Making It: UNIDO's quarterly magazine
It has happened to many of us in recent months. We flick through a newspaper filled with downbeat assessments of the prospects for the global economy, predictions of a future ravaged by the effects of climate change, and shocking reports of humanitarian catastrophe in the world’s poorest countries, and we ask ourselves – where did we go wrong? What became of the expectation that, through concerted action, poverty would be defeated in our time? Why, almost two decades after the Kyoto Declaration, have we still not properly tackled the issue of environmental degradation? And, with the scars of the worst recession since the 1930s still visible on enterprises the world over, how can it be that we did not learn from the mistakes of the past?
Yet, amid all this gloom and doom, there are positive developments that need to be acknowledged, learnt from, and built upon. We see them in Asia, in Latin America and, let’s not forget, we see them in Africa too. Our country feature on Rwanda illustrates just one of several encouraging improvements taking place on that continent.
The goal of Making It is to throw some light on these and other matters, to stimulate reflection and debate on both the challenges and the solutions, to be critical but also constructive. It is not a publication that claims to have all the answers, but it is a forum for enquiry into a range of topics across the intersection of industry and development. Published each quarter, Making It will always have a specific thematic focus – the subject of this first issue is the promise of “green growth”.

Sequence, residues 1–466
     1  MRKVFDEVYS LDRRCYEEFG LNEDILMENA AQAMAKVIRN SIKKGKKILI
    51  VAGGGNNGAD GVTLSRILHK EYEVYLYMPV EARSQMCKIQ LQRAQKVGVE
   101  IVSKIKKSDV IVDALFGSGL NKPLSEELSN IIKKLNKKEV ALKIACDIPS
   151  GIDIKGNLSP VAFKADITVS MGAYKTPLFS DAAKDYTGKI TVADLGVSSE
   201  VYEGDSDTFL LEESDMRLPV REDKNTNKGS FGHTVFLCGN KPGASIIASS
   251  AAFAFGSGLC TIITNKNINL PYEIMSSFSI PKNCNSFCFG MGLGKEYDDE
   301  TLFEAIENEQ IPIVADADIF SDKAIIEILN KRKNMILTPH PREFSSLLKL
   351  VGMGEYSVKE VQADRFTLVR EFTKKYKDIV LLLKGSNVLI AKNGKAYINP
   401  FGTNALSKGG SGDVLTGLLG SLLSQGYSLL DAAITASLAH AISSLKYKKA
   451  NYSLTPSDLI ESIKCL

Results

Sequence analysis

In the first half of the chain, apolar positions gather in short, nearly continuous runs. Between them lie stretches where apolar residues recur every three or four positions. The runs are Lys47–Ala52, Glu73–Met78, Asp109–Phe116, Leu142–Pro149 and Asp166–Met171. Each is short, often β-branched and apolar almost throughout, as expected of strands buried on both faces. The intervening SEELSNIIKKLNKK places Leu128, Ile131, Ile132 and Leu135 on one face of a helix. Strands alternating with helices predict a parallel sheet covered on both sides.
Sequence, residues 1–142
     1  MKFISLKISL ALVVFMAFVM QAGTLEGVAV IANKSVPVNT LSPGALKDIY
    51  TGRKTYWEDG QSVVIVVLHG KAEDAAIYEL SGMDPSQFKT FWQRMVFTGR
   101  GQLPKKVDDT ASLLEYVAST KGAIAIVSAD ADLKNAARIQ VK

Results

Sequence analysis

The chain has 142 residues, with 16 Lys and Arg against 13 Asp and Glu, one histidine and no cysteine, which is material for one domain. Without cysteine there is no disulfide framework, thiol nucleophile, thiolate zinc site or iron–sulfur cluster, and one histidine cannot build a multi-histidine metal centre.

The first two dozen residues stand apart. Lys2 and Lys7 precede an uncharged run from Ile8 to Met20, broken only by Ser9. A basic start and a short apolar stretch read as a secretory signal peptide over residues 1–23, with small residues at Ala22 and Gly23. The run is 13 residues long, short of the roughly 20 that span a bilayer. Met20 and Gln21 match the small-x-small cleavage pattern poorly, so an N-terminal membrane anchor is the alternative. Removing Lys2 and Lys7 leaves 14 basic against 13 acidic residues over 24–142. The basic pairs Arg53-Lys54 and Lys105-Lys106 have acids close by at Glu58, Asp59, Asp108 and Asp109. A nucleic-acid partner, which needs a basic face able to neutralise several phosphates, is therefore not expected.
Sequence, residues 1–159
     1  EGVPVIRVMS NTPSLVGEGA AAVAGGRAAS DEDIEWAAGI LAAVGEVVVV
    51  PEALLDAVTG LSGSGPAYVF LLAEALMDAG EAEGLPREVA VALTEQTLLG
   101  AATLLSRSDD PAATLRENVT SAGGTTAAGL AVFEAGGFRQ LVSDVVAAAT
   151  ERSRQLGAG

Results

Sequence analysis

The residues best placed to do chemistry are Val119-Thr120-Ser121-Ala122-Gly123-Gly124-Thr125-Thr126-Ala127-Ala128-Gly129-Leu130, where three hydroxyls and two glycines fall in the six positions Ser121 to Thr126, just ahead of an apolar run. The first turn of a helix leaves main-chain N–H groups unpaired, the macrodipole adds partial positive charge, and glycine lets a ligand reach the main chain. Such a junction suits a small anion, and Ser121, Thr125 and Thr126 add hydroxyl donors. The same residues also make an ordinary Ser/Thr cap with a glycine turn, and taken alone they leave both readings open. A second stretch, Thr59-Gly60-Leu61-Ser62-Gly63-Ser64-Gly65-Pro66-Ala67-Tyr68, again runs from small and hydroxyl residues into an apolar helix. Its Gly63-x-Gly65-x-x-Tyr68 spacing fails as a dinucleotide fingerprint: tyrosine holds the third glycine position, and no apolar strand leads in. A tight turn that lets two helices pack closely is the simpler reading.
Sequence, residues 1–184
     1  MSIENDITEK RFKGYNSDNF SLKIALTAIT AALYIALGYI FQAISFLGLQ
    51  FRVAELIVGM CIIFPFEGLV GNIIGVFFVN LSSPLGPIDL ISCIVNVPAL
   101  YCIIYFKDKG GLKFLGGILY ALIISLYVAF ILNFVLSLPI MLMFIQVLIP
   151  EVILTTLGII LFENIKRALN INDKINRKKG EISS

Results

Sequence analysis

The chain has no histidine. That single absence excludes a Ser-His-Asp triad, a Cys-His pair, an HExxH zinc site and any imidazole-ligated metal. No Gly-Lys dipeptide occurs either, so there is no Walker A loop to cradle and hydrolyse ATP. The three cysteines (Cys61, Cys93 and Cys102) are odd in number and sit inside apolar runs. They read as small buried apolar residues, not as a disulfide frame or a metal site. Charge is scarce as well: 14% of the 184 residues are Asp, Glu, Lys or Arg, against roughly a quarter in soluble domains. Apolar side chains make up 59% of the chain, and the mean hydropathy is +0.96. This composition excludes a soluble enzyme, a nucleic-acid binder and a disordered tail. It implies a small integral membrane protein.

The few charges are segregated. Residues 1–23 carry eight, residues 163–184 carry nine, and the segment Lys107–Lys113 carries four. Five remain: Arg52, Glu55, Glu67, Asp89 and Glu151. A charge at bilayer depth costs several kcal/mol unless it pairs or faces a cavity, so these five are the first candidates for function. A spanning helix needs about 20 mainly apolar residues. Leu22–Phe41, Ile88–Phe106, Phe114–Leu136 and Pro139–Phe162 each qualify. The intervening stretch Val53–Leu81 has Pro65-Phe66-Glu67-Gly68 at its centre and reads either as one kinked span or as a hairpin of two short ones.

The magazine’s contributors come from a wide range of disciplines and backgrounds – they may not agree with each other, nor with the official stance of UNIDO, the Organization that I have the privilege to lead as Director-General. But I believe that we all share the wish to see the day when finally, in the words of the Nobel laureate Seamus Heaney, “hope and history rhyme”.
I trust you will find Making It a stimulating and thought-provoking read, and I encourage you to join the debate about how productive activities can help the world to develop and progress.
Kandeh K. Yumkella